Omar seeking third term in Congress

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Rep. Ilhan Omar (D-Minn.) addresses reporters during press conference on Tuesday, November 30, 2021 to call out Rep. Lauren Boebert’s (R-Colo.) anti-Islamic remarks.
Rep. Ilhan Omar (D-Minn.) addresses reporters during press conference on Tuesday, November 30, 2021 to call out Rep. Lauren Boebert’s (R-Colo.) anti-Islamic remarks.


Rep. Ilhan Omar (D-Minn.) announced on Monday she's running for reelection in the state's 5th Congressional District.

In a post on cebook page, Omar said she's running again because she believes "a better world is possible."

"I still believe in a world where the working class is given what they're owed. A world where we address the economic and income inequality issues that are holding American workers back and systematically forcing families into poverty," she said.

Omar was sworn into office in 2019, becoming the first "African refugee to become a Member of Congress, the first woman of color to represent Minnesota, and one of the first two Muslim-American women elected to Congress," according to her webpage.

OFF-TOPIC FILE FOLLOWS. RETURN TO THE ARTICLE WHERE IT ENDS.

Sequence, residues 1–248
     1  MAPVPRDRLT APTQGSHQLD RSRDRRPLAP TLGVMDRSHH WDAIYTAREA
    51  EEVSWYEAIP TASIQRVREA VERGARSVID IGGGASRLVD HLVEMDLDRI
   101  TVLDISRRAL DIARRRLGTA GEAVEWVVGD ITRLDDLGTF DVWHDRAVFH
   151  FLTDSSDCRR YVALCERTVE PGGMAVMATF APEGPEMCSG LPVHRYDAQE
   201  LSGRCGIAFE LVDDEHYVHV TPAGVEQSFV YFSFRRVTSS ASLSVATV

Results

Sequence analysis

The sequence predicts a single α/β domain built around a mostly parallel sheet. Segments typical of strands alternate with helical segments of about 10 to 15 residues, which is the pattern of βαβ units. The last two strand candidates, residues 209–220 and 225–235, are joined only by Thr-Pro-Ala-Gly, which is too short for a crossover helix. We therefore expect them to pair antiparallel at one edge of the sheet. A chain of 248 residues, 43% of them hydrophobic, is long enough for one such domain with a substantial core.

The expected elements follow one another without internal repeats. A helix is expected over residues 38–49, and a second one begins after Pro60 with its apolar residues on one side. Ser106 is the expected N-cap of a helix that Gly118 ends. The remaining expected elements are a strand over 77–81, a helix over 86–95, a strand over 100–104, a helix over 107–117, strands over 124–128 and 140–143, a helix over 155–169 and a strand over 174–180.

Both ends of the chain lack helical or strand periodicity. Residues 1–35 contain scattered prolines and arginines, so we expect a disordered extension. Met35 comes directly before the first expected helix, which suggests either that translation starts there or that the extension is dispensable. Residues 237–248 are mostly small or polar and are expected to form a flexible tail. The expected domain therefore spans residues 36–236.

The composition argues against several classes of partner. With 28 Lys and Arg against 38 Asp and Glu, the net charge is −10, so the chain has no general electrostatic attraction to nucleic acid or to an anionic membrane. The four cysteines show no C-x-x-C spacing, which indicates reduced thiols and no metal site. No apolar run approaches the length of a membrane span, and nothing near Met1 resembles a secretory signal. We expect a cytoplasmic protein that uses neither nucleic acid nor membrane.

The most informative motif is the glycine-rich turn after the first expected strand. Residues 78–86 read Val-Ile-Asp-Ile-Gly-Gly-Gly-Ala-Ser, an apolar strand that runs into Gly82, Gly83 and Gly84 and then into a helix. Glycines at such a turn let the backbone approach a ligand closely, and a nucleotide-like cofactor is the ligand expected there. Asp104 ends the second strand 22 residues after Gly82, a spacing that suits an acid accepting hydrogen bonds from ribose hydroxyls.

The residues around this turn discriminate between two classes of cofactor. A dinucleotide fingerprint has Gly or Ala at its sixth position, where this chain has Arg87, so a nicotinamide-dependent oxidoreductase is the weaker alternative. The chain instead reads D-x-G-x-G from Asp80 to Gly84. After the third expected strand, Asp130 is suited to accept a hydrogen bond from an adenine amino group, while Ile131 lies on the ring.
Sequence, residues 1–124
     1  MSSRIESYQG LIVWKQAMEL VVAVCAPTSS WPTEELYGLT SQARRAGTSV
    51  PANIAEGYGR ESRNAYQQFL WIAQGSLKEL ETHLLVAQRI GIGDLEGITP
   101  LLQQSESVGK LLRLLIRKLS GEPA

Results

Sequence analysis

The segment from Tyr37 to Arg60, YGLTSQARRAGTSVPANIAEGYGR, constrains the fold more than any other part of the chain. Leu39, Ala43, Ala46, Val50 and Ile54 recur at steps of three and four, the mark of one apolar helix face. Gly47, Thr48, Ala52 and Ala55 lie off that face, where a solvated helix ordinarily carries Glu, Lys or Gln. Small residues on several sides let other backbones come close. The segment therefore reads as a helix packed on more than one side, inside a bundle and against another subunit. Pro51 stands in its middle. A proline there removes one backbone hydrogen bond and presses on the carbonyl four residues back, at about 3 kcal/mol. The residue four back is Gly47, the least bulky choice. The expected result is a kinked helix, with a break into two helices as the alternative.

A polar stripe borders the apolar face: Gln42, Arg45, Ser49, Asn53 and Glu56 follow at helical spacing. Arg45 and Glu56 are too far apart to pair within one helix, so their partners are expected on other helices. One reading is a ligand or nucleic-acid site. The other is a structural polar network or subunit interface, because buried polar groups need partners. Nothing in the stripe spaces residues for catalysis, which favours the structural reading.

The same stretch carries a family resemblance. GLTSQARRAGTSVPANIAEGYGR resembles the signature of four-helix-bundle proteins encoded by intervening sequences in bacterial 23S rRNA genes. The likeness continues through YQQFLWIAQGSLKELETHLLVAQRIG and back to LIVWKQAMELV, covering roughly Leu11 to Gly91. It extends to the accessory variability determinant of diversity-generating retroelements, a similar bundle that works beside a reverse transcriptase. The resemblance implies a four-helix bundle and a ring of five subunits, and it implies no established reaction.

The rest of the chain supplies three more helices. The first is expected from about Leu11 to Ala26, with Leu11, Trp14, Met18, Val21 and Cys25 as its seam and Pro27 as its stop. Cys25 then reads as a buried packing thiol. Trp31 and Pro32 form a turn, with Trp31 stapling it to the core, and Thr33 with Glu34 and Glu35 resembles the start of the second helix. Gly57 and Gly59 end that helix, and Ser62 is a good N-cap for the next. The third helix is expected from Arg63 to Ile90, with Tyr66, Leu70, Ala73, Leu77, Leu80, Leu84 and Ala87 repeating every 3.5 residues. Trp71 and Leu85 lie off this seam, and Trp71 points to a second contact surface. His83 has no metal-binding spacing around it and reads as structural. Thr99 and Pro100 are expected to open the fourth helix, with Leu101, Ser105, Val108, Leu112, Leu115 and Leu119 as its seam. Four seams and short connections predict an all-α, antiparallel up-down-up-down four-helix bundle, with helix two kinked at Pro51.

The lawmaker, known for her progressive policies, easily won reelection in 2020 and has since passed 17 bills and amendments in the U.S. House of Representatives and co-sponsored 548 bills, she said on her website.

Omar has also been a lightning rod for critics. Most recently, she was embroiled in a feud with colleague Rep. Lauren Boebert ( R-Colo.) that attracted national attention. In November, Boebert made a joke about Omar that alluded to her as a terrorist, which many criticized as Islamophobic.

Omar is a member of an unofficial group of liberal lawmakers known as "the Squad," which includes Reps. Cori Bush (D-Mo.), Rashida Tlaib (D-Mich.), Jamaal Bowman (D-N.Y.), Alexandria Ocasio-Cortez (D-N.Y.) and Ayanna Pressley (D-Mass.).

As an incumbent, the lawmaker likely faces an easy reelection in the upcoming midterms. On Monday, Omar told her constituents to "send her back," echoing her previous campaign slogan: "Send Her Back to Congress."

"I still believe in a world where we choose peace over war, diplomacy over violence, and the human rights of all people over the profits of the military-industrial complex," she wrote. "A world where we put human rights at the center of U.S. foreign policy."